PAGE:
CPL released solid full-year results this morning for the year ended 30th June that were marginally ahead of expectations. Revenue increased by 15% to €522.7m, gross profit increased by 16% to €83.2m and operating profit grew by 16% to €17.9m. EPS was 30% higher at 56.6c and boosted by the impact of the Tender Offer during the period. Net cash ended the year at €24.2m, after the €25m returned to shareholders, while the full-year dividend has been increased by 17% with a 7.15c final dividend proposed. Reflecting the changing dynamics in labour markets, the share of permanent net fee income (NFI) declined further in FY18 to 31.6% of gross profit from 36.3% in the prior year. Flexible Talent (as the temporary and managed services segment is now termed) fees increased to 68.4% of gross profit. Permanent fees increased modestly by €0.2m to €26.3m, but the majority of growth came from the Flexible Talent segment where the margin expanded by 80bps to 11.5% (11.3% in H118). Overall gross margin was 10bps higher y/y at 15.9%. Market conditions across CPL’s sectors are described as “positive” and economic trends are “favourable”. The unemployment rate in Ireland declined to 5.6% last month and labour market tightness is exerting modest upward pressure on wages. However the group points to the uncertainty that Brexit creates in its core markets and international nurse recruitment in the UK remains challenging.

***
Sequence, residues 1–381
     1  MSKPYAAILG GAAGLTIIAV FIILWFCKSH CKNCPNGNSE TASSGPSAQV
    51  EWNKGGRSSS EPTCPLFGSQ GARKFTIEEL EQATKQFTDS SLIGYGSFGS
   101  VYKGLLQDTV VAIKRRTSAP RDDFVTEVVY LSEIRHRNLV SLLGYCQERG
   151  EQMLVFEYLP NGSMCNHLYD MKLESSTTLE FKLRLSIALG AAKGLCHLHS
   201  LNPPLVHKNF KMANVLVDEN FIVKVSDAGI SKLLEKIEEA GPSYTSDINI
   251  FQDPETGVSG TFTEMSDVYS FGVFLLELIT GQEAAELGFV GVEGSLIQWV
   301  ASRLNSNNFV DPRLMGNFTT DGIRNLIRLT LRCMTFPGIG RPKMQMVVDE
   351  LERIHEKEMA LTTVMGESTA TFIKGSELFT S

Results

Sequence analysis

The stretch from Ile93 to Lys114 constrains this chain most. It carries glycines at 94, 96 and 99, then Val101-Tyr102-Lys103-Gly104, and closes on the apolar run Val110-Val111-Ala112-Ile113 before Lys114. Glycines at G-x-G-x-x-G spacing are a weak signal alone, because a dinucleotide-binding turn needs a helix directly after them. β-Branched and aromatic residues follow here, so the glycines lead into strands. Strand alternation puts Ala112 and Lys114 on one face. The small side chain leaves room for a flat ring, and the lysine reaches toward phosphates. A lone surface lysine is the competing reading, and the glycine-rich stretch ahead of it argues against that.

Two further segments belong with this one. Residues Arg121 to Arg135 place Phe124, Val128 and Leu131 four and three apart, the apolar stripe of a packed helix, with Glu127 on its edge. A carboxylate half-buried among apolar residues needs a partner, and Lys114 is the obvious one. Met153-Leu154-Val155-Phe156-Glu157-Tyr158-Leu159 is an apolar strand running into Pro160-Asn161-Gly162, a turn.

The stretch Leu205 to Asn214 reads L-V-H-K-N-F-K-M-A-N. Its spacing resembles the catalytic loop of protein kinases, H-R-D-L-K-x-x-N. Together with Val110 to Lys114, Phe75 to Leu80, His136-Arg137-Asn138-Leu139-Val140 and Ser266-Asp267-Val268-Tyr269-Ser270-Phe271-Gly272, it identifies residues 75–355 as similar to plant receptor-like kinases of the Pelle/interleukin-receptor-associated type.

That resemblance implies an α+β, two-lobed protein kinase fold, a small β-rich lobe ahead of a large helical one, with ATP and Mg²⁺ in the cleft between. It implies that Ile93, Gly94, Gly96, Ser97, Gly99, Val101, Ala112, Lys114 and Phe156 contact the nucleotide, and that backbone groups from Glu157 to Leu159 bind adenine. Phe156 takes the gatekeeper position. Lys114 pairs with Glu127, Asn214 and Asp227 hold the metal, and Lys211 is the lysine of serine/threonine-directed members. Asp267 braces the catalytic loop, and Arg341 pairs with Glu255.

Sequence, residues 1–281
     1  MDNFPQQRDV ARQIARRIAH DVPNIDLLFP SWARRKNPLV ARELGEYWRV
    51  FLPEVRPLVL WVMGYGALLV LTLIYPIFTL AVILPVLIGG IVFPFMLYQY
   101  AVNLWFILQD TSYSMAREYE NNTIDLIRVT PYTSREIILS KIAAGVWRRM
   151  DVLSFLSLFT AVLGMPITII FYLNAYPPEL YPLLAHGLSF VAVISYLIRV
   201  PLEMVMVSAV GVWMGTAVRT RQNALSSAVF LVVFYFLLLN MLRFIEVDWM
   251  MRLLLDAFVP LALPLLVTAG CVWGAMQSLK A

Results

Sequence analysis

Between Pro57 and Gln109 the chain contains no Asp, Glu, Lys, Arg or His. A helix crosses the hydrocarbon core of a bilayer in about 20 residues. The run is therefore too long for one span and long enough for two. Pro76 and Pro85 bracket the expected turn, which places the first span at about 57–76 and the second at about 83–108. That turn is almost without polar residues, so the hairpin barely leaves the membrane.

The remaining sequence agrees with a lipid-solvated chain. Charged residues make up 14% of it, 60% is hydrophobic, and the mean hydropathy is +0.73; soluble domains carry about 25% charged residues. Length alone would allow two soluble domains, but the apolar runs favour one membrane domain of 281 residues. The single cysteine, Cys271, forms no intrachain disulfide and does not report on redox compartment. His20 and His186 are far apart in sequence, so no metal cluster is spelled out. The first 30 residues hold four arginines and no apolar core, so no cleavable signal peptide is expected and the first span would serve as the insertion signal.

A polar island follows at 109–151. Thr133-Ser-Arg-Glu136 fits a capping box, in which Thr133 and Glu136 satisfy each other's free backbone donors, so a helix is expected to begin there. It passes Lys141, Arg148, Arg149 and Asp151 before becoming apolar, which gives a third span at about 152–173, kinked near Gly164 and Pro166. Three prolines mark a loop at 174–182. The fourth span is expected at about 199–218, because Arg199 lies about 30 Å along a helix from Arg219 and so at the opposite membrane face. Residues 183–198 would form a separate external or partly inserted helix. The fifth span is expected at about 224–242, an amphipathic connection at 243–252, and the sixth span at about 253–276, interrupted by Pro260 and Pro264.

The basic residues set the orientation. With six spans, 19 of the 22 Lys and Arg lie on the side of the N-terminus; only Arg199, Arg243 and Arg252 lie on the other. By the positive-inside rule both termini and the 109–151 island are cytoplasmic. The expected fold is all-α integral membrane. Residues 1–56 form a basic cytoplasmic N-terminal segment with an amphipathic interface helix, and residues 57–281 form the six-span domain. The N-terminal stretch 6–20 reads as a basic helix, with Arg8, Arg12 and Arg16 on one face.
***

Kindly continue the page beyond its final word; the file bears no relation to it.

Aryzta: Increase in covenant level
Aryzta this morning announced that it has entered a standby volume underwriting agreement in relation to its proposed €800m capital raise. The agreement is with BofA Merrill Lynch and UBS as Process Banks and Credit Suisse, JP Morgan and HSBC Bank as Joint Global Coordinators. The company has also announced that it has received consent from the “requisite majority” of its lenders to amend its existing agreements, in other words increase its net debt/EBITDA covenant levels, to “provide additional flexibility to pursue its new business strategy” and implement the share capital increase. The debt covenants have been raised to 5.75x from 4.0x for the period ending 31 January 2019 and to 5.25x from 3.5x for the period ending 31 July 2019, reverting to 3.5x for the periods thereafter. The interest cover limit (EBITDA/net interest) decreases to 2.0 from 3.0 for both the period ending 31 January 2019 and period ending 31 July 2019. The margin increases to 3.5% until December 2018 and 4.0% from 01 January 2019.
UK employment data due
Over the first half of this year, the UK labour market has consistently tightened. Most recent figures show that the unemployment rate dropped 0.2pp to the 4.0% mark in Q2, a level not seen since the three months to February 1975. Subsequent surveys continue to point to robust hiring among firms, suggesting that the unemployment rate could fall further still. We don’t expect to see this happen in the three months to August, however, as it will be well anchored at 4.0% given that both of the “single month” outturns for May and June were recorded at 4.0%. As such, we look for a steady 4.0% reading.
Despite the low prevalence of joblessness, earnings have remained relatively unresponsive. Indeed, wage growth actually softened from 2.5% (3m yoy) to 2.4% in June. Admittedly, erratic bonuses can make this a noisy series but even stripping these out shows a slowing in regular pay growth from 2.8% to 2.7%. While recent earnings figures have been disappointing, one would expect the upward trend to re-establish itself given tightness of the labour market. We therefore look for the ex-bonuses measure to firm a touch to 2.8% (3m yoy) in July, although the headline measure is expected to remain steady at 2.4% owing to June’s weak year-on-year rate (of 2.1%).
09.30 UK Average weekly earnings
09.30 UK Unemployment rate
10.00 EC Employment change
13.00 EC ECB’s Nouy speaks